Sunday, December 30, 2012

The debt overhang in the stock market

By R.M.B Senanayake

In 2009 the government security forces finally vanquished the LTTE and regained control over the whole island. There was a sense of euphoria among the brokers and the retail investors and they thought there would be an enormous peace dividend with the economy as well as company earnings growing significantly. A bull run was widely anticipated.

On May 13, 2009, the All Share Price Index was at 1,884 with a volume of four million shares traded with a turnover of a mere Rs 138 million. From then on the ASPI began to rise driven by the sentiment generated by the war victory. By the end of 2009 it had risen to 3,335 (increase of 77%) with a volume of 16 million shares (increase of 400%) traded with a turnover of Rs 765 million (increase 454%). The market continued to rise in 2010 and at the end of 2010 the All Share Price Index was 6,635 ( 99% growth) volume was 154 million shares ( increase 862%)and turnover Rs 2.09 billion ( increase 173%). How did such phenomenal growth take place?

While investor sentiments were running high, this doesn’t explain the growth in the volume of shares traded. The liquidity of shares available for trading was rather low since 75% of company shares are tightly held by the controlling shareholders and only 25% of the share capital of the listed companies is traded. How then did this growth in volume take place?

Driven by credit

 Trading was fuelled by the broker firms providing credit with few restrictions. CSE rules fixed the collateral requirement for margin finance providing at a limit of 50% of a portfolio’s market value. The Exchange did not fix any interest rates. Both collateral and the interest rate affect the borrower’s decision to borrow.  As market prices of shares soared, the broker firms became lax in the grant of credit to clients. The 50% limit was exceeded and no margin calls were made from the borrowers as is the usual custom.  As prices continued to rise the collateral requirement was overlooked and unlimited credit was given to clients to buy shares expecting them to sell and book profits since the market was rising.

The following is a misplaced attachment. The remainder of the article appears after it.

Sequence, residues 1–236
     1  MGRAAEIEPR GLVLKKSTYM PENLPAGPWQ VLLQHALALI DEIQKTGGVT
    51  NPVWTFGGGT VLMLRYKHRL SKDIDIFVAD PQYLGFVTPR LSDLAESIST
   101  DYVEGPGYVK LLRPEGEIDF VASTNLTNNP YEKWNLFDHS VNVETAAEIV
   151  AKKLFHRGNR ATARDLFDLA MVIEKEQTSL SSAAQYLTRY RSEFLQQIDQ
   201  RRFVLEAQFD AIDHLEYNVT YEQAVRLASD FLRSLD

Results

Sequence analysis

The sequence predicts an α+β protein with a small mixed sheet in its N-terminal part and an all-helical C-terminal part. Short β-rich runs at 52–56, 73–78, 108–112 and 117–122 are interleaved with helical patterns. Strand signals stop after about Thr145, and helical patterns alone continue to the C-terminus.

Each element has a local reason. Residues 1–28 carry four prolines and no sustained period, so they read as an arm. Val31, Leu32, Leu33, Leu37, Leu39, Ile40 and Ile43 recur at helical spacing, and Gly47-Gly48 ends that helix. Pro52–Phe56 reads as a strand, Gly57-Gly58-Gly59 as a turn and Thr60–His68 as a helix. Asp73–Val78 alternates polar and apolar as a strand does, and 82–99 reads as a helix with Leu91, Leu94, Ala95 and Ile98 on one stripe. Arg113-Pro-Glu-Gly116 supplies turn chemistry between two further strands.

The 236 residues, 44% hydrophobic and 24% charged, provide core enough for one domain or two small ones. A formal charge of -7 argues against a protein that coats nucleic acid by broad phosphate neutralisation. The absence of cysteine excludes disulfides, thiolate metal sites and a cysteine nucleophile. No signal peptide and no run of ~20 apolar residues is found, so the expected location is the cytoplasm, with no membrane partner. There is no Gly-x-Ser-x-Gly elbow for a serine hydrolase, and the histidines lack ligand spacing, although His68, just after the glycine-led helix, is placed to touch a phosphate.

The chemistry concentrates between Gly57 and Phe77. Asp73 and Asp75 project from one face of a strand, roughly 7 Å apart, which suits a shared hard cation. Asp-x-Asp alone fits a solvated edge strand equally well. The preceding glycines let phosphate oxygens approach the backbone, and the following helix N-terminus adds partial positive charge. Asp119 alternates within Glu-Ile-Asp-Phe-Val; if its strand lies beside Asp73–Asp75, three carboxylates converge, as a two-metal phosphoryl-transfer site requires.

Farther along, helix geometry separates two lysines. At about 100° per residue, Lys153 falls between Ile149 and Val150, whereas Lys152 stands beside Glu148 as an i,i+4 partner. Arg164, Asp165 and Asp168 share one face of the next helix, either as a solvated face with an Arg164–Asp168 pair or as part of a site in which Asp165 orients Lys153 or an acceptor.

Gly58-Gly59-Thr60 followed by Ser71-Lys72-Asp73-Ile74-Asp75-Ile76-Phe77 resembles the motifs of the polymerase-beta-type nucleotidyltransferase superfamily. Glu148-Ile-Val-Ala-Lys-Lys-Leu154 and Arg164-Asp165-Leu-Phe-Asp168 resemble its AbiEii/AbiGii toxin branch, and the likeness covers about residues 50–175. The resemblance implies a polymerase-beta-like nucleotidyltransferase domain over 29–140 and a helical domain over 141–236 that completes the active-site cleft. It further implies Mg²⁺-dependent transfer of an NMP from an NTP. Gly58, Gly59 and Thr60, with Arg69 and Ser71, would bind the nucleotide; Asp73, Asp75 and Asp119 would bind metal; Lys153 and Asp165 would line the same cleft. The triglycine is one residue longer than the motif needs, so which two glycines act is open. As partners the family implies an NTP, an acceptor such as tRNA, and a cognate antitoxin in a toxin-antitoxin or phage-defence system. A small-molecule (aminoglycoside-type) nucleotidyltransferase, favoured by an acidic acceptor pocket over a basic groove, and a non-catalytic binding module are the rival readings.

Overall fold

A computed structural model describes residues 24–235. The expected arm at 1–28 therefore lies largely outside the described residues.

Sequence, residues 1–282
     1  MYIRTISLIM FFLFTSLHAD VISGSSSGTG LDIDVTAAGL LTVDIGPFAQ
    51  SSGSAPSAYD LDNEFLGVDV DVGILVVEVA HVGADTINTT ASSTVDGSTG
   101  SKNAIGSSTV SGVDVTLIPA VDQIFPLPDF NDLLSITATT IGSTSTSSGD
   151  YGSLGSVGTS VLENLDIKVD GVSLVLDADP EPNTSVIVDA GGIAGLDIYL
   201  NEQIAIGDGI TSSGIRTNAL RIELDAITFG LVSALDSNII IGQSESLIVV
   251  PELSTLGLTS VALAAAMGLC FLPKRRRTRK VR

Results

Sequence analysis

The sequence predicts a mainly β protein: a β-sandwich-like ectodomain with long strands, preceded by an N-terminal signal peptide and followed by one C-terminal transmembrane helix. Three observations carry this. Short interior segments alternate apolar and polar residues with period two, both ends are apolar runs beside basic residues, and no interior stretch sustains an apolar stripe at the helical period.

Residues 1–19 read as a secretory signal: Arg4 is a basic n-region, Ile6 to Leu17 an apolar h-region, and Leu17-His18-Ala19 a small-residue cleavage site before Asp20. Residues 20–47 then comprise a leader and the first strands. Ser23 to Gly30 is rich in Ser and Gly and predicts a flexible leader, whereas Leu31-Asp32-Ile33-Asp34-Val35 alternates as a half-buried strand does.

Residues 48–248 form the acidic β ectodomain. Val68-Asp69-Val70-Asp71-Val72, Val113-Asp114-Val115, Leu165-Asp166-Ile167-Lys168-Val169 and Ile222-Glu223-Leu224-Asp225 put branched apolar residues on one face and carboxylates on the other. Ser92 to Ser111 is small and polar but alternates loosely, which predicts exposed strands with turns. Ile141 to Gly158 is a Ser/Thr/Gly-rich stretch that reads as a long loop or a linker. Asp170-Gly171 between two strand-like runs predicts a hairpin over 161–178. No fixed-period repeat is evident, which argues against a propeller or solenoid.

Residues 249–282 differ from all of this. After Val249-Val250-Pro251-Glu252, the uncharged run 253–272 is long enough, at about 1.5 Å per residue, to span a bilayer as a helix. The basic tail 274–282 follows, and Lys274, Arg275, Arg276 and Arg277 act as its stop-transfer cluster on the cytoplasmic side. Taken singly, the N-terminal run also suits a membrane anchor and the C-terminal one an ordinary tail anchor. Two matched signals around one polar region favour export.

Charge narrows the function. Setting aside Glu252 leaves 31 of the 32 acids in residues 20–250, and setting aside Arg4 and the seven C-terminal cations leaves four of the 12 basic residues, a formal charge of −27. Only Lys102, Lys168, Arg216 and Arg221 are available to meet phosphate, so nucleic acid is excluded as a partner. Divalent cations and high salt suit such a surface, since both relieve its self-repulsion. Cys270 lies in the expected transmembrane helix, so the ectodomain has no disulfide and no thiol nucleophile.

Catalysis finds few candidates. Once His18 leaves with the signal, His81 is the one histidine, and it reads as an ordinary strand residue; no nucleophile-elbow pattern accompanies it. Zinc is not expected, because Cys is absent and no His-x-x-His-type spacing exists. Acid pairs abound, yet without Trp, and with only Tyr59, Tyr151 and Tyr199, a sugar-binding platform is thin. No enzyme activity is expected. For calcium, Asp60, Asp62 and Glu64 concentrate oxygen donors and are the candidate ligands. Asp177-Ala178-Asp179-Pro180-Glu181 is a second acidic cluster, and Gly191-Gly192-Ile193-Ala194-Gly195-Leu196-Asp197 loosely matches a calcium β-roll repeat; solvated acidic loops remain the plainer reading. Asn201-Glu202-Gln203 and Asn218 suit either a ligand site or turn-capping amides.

Broker firms even did not bother to collect interest although they debited the interest payable to the clients’ accounts. Share prices along with the volumes and turnover rose up to 220 million shares traded for Rs 4 billion and reached a peak of 600 million shares with turnover of Rs 4.9 billion. The market continued to rise in 2011 up to the end of June. On April 12, the All Share Price Index was 7,575 (growth for the year 13.8%). It fell below 7,000 from June 21, 2011.

The increase in volumes and turnover were largely fuelled by liberal broker credit provided to share traders.  Broker firms extended credit several times the value of the clients’ portfolios and also several times the brokers’ own equity. In short the leverage was excessive. Unlike the concepts of accounting leverage based on Total Assets / Equity  Economic Leverage refers to the volatility of the un-levered investments in the assets ( in this case the portfolios of clients’ shares pledged as collateral) to the equity. The collateral was going up and up in values. But as the share prices weakened after June 2011 the volumes declined along with the turnovers. Volumes fell below 100 million, almost half the earlier level. But in August the volumes again rose as did the prices of the shares. The market correction seemed to be over.

Some analysts then started calling it a bubble and allegations were made of market manipulations. These allegations led the Securities and Exchange Commission to investigate and it realized that the broker firms were excessively leveraged. The SEC imposed limits on credit - relating it to equity of the broker firms. By this time the broker firms had extended an enormous amount of credit.

The bubble bursts

From the October 3  the All Share Price Index fell continually until December 21, 2011. The volumes traded also fell and reached 15 million from the previous high levels over 200 million. The Index revived in the last week of December 2011 and regained the 6,000 mark. Volumes and turnover also increased. But it was a fools rally. The downward trend continued with occasional rallies which petered out after a few days. The rally in volumes also disappeared. On December 21, 2012 the volume traded was below 10 million. Compare this with the heady days when it was over 200 million. The decline in prices this year (2012) is about 5% or 326 points.